Here at Treasure, we provide corporate-grade cash management software for small and medium businesses (SMBs); meaning we spend a lot of time analyzing what Fortune 500 companies do with their idle cash in the current environment. Today the spotlight is on Apple.
Apple is an impressive company, not only because of its ability to innovate but also because of its sheer size and economic impact. While the company is well known for its product quality, it has also developed best practices in treasury management that are widely adopted by many corporations today.
Let’s take a deep dive into Apple’s finances to get a sense of how a successful company is optimizing its cash management.
How does Apple manage its idle cash?
The first interesting aspect of Apple’s idle cash management is its structure. Braeburn Capital, named after a varietal of apple from New Zealand, is the investment arm responsible for managing Apple’s idle cash. Braeburn is essentially Apple's in-house personal investment advisor firm. The benefit of this approach for Apple is to use a team of professionals focused exclusively on optimizing its cash management.
As stated in Apple earnings, Braeburn’s approach invests in highly rated securities, with the primary objective of minimizing the potential risk of principal loss. Apple’s investment policy generally requires securities to be investment grade and limits the amount of credit exposure to any one issuer. As we can see below such a prudent and disciplined approach is bearing fruit for Apple.
Where does Apple stash its cash?
Combining its cost of goods and operating expenses, Apple has around $60B of outflow per quarter. In order to cover those day-to-day expenses Apple keeps around $40B in cash (held in checking accounts; this covers around two month of expenses), $40B is invested in short term securities (less than one year maturity) and $140B in longer term assets (between 1 year to 5 years). This tilt toward longer dated maturities improves the yield Apple generates on its idle cash portfolio, as longer term bonds have a higher yield than shorter dated ones.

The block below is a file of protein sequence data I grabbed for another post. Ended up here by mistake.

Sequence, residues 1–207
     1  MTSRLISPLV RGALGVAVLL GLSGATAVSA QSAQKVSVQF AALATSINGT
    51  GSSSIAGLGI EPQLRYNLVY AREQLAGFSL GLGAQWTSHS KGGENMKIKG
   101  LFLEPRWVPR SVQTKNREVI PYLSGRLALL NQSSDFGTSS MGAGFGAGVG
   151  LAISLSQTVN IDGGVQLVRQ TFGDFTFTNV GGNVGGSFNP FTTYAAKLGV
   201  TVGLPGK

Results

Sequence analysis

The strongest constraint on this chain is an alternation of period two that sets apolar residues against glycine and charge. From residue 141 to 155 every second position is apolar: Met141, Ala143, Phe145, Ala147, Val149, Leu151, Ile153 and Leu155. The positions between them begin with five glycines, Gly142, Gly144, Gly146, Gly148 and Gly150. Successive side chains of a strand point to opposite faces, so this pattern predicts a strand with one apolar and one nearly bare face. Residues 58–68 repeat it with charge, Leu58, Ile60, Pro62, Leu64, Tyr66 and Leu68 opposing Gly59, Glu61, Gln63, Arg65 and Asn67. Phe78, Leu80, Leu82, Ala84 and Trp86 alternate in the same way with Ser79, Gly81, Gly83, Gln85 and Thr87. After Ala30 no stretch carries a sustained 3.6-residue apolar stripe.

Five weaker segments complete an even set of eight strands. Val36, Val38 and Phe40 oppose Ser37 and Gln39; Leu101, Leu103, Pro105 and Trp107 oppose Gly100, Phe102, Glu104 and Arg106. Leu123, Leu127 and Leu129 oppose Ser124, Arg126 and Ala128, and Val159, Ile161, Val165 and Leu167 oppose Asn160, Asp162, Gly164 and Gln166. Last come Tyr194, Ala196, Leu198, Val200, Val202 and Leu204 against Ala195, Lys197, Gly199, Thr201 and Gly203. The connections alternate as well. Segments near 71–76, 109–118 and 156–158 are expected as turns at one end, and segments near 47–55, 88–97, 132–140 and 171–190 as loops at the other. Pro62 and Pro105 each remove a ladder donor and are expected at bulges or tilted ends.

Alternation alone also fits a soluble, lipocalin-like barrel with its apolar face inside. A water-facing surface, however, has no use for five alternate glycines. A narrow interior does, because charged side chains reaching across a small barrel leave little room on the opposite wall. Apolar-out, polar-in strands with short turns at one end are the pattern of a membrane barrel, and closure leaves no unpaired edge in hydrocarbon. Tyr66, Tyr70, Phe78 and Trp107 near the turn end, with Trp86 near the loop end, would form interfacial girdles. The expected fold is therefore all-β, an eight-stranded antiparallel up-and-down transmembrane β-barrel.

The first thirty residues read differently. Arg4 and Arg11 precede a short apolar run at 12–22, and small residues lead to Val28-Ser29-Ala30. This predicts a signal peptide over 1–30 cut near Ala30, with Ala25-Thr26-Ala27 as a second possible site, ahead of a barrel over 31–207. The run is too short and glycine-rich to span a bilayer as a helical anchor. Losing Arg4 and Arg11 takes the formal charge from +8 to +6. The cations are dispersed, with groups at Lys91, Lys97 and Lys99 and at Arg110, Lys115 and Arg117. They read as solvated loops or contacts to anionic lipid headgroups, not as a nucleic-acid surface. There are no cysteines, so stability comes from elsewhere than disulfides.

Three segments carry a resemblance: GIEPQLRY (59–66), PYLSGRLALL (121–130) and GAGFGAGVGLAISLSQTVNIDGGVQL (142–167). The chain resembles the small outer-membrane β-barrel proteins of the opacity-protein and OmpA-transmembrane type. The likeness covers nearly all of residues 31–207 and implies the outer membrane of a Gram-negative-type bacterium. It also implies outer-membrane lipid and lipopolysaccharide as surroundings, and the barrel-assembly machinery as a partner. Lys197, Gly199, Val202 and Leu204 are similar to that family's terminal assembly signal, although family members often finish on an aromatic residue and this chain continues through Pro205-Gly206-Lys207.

Digging deeper we can see from the chart above (right) that Apple asset allocation is heavily focused on corporate bonds. Again, this approach is deployed for yield maximization, as corporate bonds generate a higher yield than US government bonds and agencies (like Fannie and Freddie) securities.
The cash management impact
Now that we have a good handle on Apple’s allocation let’s look at the returns the company has achieved with its cash management solution. Since 2013 Apple has earned, on average, 2pct per year; principally generated from the interest payment on its portfolio. We can clearly see from the chart below (right) the main feature of an income generating strategy where the majority of the returns come from interest payments while capital gains tend to revert over time (following month-to-month markets fluctuations).
Most importantly we can look at the impact Apple’s idle cash management solution has on its bottom line. As the next chart shows, Apple’s treasury operations add, on average, between 5% to 10% to its profit. This translates into a profit margin improvement of close to 10%. This clearly shows that cash management has a significantly positive influence on Apple’s finances.
Cash is seen by many companies as an unproductive asset on their balance sheet and few know what to do with it. Clever corporations like Apple understand that cash is an opportunity. They are able to use this resource to create more revenue turning their finance department from a cost center into a profit generator.
Much like Treasure, Apple is generating a yield on its idle cash using corporate bonds with short and medium term maturity, and such a strategy is yielding significant results for Apple by increasing its profit margin by close to 10%. Now, it’s time to make your cash perform!
(*) Apple Quarterly Earnings Report (April 29th 2021): link
Ben Verschuere (Chief Investment Officer) & Sam Strasser (Chief Executive Officer)
Treasure Investment Management, LLC
Disclaimer: The views and opinions in this piece are just the authors' own, offered to the public at large and not to any one particular investor.